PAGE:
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Artsy hideaway along a beautiful coastlineArtsy hideaway along a beautiful coastline

Cannon Beach, OregonCannon Beach, Oregon

If you’ve ever flown along the Oregon coast, you won’t be surprised that National Geographic named Cannon Beach one of “The World’s 100 Most Beautiful Places.” But there’s nothing like getting out on the sand, wiggling your toes, and smelling the salty air—especially as winter approaches. Waves batter the famous Haystack Rock extra hard, skies (and sunsets) can be dramatic, and the chill gets you in the mood to relax in front of a fire and savor a steaming bowl of clam chowder. Plus, in early November this little arts mecca serves up its annual Stormy Weather Arts Festival. But Cannon Beach makes a perfect weekend getaway any time of year.

  • The iconic Haystack Rock rises through the mist off the coast of Cannon Beach, as viewed from Ecola State Park. Photo by Ed Wrzesien via Flickr.
  • Winter days often bring dramatic clouds to the Oregon Coast. Photo by Colette Cassinelli via Flickr.
  • Haystack Rock is a National Wildlife Refuge where seabirds, including tufted puffins, like to nest. Photo by Diana Robinson via Flickr.
  • Dramatic skies, seabirds, crashing waves, rocky shores, and tidepools—this is classic Cannon Beach. Photo by Evan Balbier via Flickr.
  • These elk are crossing Ecola Creek just after dawn on a frosty morning. Photo by LDELD via Flickr.
  • The view over an isolated cove, looking north from Ecola State Park just after sunrise. Tillamook Lighthouse sits offshore, on a rocky outcrop. Photo by Michael Matti via Flickr.
  • Visitors enjoy the art during the Stormy Weather Arts Festival. Photo courtesy CannonBeach.org.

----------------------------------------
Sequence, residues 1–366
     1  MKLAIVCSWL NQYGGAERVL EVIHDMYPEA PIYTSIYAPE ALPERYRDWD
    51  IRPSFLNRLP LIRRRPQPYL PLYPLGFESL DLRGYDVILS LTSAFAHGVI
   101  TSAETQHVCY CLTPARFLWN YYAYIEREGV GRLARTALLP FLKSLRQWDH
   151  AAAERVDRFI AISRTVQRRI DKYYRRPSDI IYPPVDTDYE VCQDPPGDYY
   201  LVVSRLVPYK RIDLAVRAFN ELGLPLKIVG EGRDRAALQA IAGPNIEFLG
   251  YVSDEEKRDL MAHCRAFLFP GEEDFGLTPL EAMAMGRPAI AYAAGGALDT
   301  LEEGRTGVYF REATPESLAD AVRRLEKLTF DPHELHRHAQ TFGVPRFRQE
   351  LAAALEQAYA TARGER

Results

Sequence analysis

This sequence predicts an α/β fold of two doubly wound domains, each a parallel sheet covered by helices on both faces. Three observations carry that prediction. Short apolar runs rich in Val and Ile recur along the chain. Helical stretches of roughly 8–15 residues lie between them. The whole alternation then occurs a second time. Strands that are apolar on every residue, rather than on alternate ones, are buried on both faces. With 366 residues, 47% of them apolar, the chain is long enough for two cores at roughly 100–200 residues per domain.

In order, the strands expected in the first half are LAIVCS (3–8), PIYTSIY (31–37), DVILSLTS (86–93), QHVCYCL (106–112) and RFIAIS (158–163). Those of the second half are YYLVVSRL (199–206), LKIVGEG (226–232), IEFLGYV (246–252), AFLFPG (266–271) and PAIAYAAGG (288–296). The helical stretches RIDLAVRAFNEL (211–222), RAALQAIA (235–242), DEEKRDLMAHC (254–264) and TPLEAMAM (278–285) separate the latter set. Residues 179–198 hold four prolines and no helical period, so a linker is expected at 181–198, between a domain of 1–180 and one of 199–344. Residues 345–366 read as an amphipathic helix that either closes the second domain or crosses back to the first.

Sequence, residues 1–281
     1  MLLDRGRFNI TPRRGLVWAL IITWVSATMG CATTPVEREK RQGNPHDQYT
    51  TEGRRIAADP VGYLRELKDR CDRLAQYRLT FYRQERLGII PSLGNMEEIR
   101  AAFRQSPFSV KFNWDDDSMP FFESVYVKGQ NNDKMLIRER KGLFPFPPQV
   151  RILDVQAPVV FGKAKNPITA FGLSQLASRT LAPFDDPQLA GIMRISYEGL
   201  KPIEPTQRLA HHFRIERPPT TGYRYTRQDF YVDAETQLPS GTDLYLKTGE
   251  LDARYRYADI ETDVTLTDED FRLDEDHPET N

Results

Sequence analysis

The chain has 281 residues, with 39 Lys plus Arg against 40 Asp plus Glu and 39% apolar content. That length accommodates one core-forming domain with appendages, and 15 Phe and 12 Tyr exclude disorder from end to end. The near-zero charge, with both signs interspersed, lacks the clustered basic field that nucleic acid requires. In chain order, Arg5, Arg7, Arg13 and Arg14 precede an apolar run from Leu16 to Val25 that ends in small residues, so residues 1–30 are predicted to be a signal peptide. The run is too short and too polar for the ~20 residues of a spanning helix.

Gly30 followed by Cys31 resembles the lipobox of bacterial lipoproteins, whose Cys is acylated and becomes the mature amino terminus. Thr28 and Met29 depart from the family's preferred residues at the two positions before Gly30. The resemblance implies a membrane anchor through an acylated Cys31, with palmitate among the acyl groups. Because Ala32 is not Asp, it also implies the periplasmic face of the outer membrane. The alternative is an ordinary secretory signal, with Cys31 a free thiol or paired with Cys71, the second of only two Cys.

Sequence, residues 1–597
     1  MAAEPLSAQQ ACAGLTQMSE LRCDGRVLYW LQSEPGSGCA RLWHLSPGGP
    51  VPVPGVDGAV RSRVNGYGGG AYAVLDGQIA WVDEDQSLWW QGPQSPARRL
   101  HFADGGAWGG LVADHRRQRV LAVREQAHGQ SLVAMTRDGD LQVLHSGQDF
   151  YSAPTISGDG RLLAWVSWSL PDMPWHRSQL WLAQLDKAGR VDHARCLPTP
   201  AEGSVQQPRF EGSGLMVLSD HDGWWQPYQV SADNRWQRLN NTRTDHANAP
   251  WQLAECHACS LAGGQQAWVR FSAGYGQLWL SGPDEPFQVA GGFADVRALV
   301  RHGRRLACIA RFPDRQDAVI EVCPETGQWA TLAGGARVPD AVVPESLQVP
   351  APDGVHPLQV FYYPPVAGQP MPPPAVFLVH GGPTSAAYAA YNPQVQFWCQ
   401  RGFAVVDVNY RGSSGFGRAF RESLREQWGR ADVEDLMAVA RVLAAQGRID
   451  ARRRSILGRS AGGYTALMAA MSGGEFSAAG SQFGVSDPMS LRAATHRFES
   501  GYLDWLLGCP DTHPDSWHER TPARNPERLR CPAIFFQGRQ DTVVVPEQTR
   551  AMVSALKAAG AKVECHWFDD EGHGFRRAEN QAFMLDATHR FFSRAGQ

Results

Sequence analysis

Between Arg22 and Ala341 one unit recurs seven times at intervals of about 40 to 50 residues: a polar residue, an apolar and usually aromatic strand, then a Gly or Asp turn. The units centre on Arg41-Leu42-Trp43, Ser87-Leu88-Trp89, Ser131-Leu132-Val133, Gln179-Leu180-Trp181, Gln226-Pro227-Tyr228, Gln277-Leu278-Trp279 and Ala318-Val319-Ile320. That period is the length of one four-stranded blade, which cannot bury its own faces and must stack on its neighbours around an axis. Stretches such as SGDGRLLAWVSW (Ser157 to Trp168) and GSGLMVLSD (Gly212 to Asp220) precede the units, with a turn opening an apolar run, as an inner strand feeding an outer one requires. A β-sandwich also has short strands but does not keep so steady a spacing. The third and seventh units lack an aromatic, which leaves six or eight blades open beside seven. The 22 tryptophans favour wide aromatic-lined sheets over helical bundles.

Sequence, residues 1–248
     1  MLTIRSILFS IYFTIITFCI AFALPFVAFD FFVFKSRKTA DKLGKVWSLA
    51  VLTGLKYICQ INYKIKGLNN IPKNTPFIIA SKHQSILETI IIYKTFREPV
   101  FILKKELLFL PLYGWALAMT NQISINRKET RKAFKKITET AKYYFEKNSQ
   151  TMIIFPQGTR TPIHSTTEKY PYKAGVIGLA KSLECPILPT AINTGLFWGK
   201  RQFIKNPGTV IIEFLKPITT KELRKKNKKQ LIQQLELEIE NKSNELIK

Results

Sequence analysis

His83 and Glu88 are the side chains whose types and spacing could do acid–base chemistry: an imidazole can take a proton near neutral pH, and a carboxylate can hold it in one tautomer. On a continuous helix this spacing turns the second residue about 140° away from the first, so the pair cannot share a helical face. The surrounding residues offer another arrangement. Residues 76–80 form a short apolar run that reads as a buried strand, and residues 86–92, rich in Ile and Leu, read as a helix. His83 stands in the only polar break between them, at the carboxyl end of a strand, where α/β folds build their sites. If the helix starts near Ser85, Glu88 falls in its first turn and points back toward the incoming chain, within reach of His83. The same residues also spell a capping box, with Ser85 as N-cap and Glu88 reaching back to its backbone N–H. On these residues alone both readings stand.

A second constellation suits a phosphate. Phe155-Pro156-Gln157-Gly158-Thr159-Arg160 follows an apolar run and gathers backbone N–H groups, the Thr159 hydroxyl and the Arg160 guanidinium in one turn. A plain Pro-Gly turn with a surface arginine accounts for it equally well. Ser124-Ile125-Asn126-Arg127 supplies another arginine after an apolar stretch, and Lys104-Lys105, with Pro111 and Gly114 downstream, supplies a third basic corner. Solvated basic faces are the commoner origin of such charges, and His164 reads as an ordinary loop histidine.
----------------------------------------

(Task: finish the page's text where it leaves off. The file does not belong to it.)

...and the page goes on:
• An artist encourages a young visitor to help him finish his painting during the Stormy Weather Arts Festival. Photo courtesy CannonBeach.org.
  • Steidel’s Art is a fanciful and cozy gallery with paintings and sculpture by Bill and Sam Steidel. Photo by Peterson Photography.
  • Beautiful glass art in the windowsill at Icefire Glassworks. The building’s hand-hewn cedar posts and steel brackets evoke Pacific Northwest Native American art. The hinges on its doors are of material salvaged from a shipwreck, and the roof is recycled metal. Photo by Nicholas Morin.
  • This Cannon Beach home seems almost cradled by the surrounding forest. Photo by Peterson Photography.
  • Beachfront homes and inns at Cannon Beach, Oregon. Photo by Peterson Photography.
  • Ecola Seafood is both a casual restaurant and fresh fish market. Photo courtesy Ecola Seafood.
  • The Stephanie Inn offers ocean and Haystack Rock views. Complimentary perks include a gourmet chef’s breakfast buffet (how about lemon curd-stuffed French toast with Grand Marnier strawberries and bacon?), afternoon Northwest beer and wine gathering and evening Nightcap in the oceanfront library, and electric vehicle charging stations. Photo courtesy Stephanie Inn.
  • At the Stephanie Inn, rooms include gas fireplaces and Jacuzzi Pure Air Baths. On-site massage suites and services are also available. Photo courtesy Stephanie Inn.

Fly to Astoria Regional Airport, where you can have a rental car waiting if you arrange ahead. From there it’s a scenic, 30-minute drive south to Cannon Beach. Nearly four miles of sandy beach stretch north and south of downtown. Your eye will continually be drawn just offshore to the iconic Haystack Rock, one of the world’s largest natural monoliths.

Just north of downtown Cannon Beach, Ecola State Park offers sweeping viewpoints of the rocky coast as well as easy trails through the rain forest. Herds of elk often mill about, especially in winter. Two miles south of Cannon Beach, Arcadia Beach State Recreation Site has picnic areas, more rock formations, and tidepools. Walk north to Silver Point or about a mile south to Hug Point. During low tides you can walk around Hug Point to find sea caves and a small waterfall. Ten minutes south of Cannon Beach, you enter Oswald West State Park, nearly 2,500 acres with several miles of hiking trails, including an easy trail to the beautiful cove of Short Sand Beach. Get panoramic ocean views from the highway turnouts on the edge of Neahkahnie Mountain.